Matthew McConaughey’s latest movie Free State of Jones sets out to explore a largely unknown chapter of history from the Civil War. Directed by Gary Ross (Seabiscuit, the first Hunger Games, Pleasantville), Free State of Jones aims to blow away several longstanding myths surrounding the Civil War era and was made with the help of several leading experts on the subject, according to a movie review in the New York Times.
Check out the trailer for Free State of Jones below.
Perhaps predictably, Matthew McConaughey’s latest movie starts off with a quintessential battlefield scene, taking the viewer on a journey of immersive combat and explosive action that movie goers expect to see in any film about the Civil War. The scene is literally bleeding with sentiments about the tragedy of both sides and the valor of the soldiers, but soon afterwards Free State of Jones branches off in a fresh direction, instilling a renewed sense of clarity about the entire conflict and its aftermath.
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Experts and their works that were consulted for the movie and studied by Matthew McConaughey, along with the rest of the movie’s cast members, include “Reconstruction” by Eric Foner of Columbia University and Martha Hodes of New York University, who wrote a prizewinning study of interracial sexuality in the 19th century South.
“The result is a riveting visual history lesson, whose occasional didacticism is integral to its power,” wrote the New York Times.
In the movie, Matthew McConaughey plays Newton Knight, a real life Mississippi farmer, soldier and southern unionist who rebelled against the Confederate Army leading a ragtag militia of fellow deserters and renegade slaves. When a new law declared that any man who owns 20 slaves or more was exempt from military service, it bolstered Knight’s claim that the Civil War was nothing but poor men “fighting a rich man’s war.” After his possessions are seized and his wife – played by Keri Russell – leaves him, Newt takes to the swamps and begins laying the groundwork for a revolution that will ultimately declare Jones County a free state, thereby releasing its citizens of their allegiance to either Northern or Southern ideals.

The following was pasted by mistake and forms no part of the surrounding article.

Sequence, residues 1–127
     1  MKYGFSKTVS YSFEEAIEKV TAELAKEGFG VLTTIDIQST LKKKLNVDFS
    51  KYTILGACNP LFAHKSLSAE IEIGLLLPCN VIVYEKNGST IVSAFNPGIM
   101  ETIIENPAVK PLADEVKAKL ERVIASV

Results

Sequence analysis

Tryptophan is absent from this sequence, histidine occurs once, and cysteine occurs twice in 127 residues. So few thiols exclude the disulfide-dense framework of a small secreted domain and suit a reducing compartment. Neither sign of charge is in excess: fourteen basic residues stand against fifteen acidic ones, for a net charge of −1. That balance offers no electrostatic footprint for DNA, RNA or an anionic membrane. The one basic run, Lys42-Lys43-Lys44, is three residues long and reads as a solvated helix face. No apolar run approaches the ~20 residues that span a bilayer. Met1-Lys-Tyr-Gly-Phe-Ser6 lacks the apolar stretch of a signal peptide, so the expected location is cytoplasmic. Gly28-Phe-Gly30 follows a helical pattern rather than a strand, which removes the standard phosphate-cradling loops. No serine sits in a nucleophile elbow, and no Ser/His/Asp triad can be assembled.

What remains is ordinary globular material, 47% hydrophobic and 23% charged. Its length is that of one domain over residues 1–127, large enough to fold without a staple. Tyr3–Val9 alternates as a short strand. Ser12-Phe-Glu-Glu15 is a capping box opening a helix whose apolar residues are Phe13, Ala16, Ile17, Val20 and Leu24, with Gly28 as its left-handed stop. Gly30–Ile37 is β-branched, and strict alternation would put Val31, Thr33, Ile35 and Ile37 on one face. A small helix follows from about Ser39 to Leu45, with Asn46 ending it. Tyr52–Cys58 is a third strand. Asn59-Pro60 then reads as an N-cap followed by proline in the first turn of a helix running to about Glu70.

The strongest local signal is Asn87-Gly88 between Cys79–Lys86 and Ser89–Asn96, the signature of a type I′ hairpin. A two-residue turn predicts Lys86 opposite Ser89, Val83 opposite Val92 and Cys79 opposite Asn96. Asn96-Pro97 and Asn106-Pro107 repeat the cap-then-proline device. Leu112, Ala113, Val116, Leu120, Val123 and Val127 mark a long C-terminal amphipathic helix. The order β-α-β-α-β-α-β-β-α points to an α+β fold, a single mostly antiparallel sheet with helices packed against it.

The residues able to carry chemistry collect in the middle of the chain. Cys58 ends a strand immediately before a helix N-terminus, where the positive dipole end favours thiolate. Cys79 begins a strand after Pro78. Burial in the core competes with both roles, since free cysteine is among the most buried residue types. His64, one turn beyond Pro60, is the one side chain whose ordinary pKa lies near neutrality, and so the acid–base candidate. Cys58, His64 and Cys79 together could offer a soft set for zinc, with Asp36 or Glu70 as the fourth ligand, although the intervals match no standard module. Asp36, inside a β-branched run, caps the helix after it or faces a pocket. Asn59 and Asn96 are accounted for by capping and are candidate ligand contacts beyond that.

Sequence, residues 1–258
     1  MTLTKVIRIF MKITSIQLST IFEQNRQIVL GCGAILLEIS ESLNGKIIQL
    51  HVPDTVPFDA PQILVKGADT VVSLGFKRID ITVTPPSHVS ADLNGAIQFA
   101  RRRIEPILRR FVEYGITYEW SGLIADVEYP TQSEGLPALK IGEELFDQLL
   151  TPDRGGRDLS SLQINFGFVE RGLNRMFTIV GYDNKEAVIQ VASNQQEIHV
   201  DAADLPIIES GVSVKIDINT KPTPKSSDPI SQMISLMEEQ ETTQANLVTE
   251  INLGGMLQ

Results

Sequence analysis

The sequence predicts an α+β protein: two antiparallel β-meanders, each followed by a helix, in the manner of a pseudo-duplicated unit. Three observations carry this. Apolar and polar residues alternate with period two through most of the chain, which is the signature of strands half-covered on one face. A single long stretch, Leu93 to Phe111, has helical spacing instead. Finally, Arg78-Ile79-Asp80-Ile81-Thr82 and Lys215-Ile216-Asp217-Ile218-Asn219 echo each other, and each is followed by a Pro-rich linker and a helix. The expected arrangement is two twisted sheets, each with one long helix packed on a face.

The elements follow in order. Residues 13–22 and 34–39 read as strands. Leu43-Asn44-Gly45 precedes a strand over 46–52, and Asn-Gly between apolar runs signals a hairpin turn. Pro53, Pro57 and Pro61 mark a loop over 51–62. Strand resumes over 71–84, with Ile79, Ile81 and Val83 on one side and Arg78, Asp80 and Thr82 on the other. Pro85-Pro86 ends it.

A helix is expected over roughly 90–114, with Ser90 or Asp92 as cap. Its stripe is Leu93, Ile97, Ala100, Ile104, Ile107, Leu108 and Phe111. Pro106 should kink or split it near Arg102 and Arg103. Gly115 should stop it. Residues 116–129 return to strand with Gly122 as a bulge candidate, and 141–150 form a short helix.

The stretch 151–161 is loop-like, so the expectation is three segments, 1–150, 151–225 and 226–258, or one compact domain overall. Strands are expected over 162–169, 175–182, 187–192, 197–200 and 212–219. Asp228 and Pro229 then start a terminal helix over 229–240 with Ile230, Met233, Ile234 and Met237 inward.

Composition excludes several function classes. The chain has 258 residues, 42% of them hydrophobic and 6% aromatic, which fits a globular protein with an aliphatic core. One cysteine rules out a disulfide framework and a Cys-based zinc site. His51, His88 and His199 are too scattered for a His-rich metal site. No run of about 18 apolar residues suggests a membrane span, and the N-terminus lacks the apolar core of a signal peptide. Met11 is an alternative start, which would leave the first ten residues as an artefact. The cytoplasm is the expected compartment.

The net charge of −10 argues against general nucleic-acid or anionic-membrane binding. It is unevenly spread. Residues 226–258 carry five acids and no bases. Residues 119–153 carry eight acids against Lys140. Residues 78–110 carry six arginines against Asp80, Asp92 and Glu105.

“I didn’t know there was this kind of resistance within the Confederacy,” Ross recalled in an interview with The News Journal. “There’s so much that’s been rewritten or revised in this period of American history so I had to almost know what I didn’t know.”
Matthew McConaughey has starred in a variety of other fact-based movies, including Amistad, The Newton Boys, We are Marshall, Bernie, and The Dallas Buyer’s Club, which landed the actor an Oscar for Best Actor. Free State of Jones is similar in that the movie revolves around a central fascinating character. Asked what he thinks of Newton Knight as a person, McConaughey is quick to share his praise. “What a man! Talk about having a real, pure handle and understanding of humanity,” stated Matthew McConaughey about the new movie.
“The guy had a very simple moral code… He would see a wrong, and he had no way to ignore it. That’s a very simple thing, but to be able to do that for 94 years? He was fighting alongside poor white farmers and runaway African-American slaves, Maroons, and not hiding out but saying, ‘Let’s rebel. Let’s take the fight to them. Let’s pay offense here.'”
In fact, as the movie Free State of Jones depicts, Knight and his band of like-minded farmers and slaves — including actors Mahershala Ali as Moses and Gugu Mbatha-Raw as Rachel — were often quite successful in fighting the Southerners. In 1864, they took over Jones County and seceded from the Confederacy, raising a United States flag over the courthouse in downtown Ellisville, Mississippi. After the conflict ended, Knight married Rachel – a former slave – and had five children with her.
“He lived in an inter-racial community,” shared Matthew McConaughey about the movie’s main character. “He marched with the freed men to vote. Then the Klan came out. A lot of things went back to how they were before the Civil War, but he continued to fight.”
[Image via Bluegrass Films]